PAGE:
At C:windowsprefetch, you see a set of files with names that are related to your programs and with a .pf extension. This information was used and is used by Windows in fetching technology to improve performance. Some have said clearing this out improves performance. The basic answer is this: Don't clean out the Prefetch folder because it will not improve performance, even though some tips on the Web say otherwise. Windows manages the folder just fine and will only cause more work because Windows will just replace that information. As for adding a Registry key to XP, from the highest sources, this is not accurate.

Jeff Atwood addresses this on this site He explains the need to consider your memory as a cache, not as a resource. A cache that is empty isn't doing you any good, so Vista is trying to fill it with as much preemptive material as it sees fit using SuperFetch. Jeff says, "The less free memory I have, the better; every byte of memory should be actively working on my behalf at all times."

At the same time, Jeff makes a good comment in his article that one downside involves gaming. Some games rely on free memory that SuperFetch sees as available and takes. There are different opinions on whether all this is true, with arguments on both sides, but for us, we just want to know if we can disable SuperFetch if we want to.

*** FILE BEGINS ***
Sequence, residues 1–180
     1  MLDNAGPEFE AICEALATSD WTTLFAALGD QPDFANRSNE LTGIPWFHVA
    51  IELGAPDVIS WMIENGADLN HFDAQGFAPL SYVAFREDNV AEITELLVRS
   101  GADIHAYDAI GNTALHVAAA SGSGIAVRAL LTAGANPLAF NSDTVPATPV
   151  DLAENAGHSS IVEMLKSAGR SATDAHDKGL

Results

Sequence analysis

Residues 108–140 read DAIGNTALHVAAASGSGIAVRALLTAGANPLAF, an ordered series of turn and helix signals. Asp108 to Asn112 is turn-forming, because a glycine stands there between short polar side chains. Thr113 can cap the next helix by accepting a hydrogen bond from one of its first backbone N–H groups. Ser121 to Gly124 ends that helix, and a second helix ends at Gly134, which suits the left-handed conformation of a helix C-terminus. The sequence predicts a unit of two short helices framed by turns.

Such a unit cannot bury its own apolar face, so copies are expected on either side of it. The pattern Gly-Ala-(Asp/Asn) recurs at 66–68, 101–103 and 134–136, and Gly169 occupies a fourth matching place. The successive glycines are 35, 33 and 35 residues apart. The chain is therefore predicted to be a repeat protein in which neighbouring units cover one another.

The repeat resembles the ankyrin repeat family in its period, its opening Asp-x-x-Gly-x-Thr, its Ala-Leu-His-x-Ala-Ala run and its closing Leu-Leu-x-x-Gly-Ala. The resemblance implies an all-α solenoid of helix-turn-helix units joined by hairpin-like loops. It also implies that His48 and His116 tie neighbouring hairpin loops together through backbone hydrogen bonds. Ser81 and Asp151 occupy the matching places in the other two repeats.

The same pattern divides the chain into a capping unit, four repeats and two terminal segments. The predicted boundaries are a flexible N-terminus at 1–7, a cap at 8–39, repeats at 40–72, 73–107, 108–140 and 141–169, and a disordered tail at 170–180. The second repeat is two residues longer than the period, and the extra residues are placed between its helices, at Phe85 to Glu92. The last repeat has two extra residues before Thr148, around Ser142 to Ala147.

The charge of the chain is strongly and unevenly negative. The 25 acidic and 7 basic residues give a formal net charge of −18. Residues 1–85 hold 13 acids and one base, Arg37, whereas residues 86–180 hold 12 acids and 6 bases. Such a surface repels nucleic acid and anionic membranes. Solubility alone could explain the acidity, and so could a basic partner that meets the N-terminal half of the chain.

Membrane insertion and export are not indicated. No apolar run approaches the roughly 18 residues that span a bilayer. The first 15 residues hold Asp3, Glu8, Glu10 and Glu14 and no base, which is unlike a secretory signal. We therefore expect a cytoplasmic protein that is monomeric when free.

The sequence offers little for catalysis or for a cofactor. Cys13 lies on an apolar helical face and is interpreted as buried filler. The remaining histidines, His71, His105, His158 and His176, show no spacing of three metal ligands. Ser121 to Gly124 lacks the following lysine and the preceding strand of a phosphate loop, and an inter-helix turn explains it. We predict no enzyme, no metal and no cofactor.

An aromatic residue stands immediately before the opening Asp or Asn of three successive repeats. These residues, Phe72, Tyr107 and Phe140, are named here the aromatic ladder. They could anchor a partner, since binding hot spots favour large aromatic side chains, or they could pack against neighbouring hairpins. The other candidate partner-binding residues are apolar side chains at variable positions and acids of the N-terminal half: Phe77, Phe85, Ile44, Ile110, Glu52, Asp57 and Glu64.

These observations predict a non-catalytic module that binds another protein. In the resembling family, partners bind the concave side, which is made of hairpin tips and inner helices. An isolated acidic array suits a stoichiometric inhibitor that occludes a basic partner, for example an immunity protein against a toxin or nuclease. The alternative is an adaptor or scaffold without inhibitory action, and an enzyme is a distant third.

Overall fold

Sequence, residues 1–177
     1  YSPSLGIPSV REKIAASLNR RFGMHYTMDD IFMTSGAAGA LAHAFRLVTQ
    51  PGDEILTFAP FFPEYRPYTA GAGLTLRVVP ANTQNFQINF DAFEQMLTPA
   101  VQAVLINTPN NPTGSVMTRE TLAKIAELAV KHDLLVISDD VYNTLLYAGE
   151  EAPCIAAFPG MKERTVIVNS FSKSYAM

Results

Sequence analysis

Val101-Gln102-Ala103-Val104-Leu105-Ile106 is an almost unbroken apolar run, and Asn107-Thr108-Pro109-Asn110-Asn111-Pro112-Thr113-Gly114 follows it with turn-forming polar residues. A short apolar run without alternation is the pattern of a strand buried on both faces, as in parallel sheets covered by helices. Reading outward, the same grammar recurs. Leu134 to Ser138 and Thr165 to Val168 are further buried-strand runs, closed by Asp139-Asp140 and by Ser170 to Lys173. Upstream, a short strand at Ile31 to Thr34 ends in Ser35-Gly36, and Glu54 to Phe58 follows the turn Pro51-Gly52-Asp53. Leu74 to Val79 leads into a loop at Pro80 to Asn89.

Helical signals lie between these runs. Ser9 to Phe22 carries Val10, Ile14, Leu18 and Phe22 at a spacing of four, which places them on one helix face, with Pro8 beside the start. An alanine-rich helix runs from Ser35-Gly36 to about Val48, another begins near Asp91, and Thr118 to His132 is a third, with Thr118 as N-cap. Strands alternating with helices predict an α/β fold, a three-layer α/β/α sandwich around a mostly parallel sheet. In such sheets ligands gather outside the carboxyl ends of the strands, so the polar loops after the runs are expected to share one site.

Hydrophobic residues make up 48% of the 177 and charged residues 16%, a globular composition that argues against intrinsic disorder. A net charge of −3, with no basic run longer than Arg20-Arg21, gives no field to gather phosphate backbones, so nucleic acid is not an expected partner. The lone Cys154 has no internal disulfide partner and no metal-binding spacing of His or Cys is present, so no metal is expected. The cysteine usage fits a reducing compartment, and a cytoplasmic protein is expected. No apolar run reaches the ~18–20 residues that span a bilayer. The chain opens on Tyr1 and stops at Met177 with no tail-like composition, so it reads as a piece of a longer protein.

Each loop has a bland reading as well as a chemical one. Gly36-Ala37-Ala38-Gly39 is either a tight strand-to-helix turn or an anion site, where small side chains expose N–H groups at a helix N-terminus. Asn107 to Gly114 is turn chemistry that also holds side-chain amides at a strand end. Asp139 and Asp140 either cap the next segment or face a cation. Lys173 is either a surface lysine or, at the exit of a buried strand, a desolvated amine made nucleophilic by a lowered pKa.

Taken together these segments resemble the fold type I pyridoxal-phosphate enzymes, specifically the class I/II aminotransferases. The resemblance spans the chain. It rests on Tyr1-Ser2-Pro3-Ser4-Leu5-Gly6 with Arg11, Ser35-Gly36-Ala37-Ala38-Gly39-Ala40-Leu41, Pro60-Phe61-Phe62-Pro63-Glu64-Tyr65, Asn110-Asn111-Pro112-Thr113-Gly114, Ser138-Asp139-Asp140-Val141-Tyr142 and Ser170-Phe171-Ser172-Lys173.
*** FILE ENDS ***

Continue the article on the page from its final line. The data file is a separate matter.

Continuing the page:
Fortunately, SuperFetch can be disabled in a couple of ways. The easiest is to go into the Services tab through Administrative Tools and disable or temporarily stop the SuperFetch service.

You can also disable this in the Registry. Open the Regedit and check the value of EnablePrefetcher and EnableSuperfetch in the Registry under the HKEY_LOCAL_MACHINESYSTEMCurrentControlSetControlSession ManagerMemoryManagementPrefetchParameters Registry key.

Here are the descriptions of these values:

0 = Disabled
1 = Application launch prefetching enabled
2 = Boot prefetching enabled
3 = Prefetch everything enabled (optimal and default)
The recommendation is that you ensure that it's set to 3 and leave this alone…but tweakers love to tweak.

Tricks of the Microsoft Windows Vista Masters
  System Recovery and Diagnostic Tricks: Backup and Restore Center
  System Recovery and Diagnostic Tricks: The System Rating
  System Recovery and Diagnostic Tricks: Windows System Assessment Tool
  System Recovery and Diagnostic Tricks: Problem Reports and Solutions
  System Recovery and Diagnostic Tricks: Reliability and Performance Monitor
  System Recovery and Diagnostic Tricks: Memory Diagnostics Tool
  System Recovery and Diagnostic Tricks: ReadyBoost and SuperFetch
  System Recovery and Diagnostic Tricks: Vista Recovery: Advanced Boot Options, WinRE, and WinPE

About the author
J. Peter Bruzzese is an independent consultant and trainer for a variety of clients, including New Horizons and Over the past 10 years, Peter has worked for and with Goldman Sachs, CommVault Systems and Microsoft, among other companies. He focuses on corporate training. Peter is the author of Tricks of the Microsoft Windows Vista Masters and writes for Redmond Magazine. He travels frequently to speak at conferences and has been an MCT since 1998.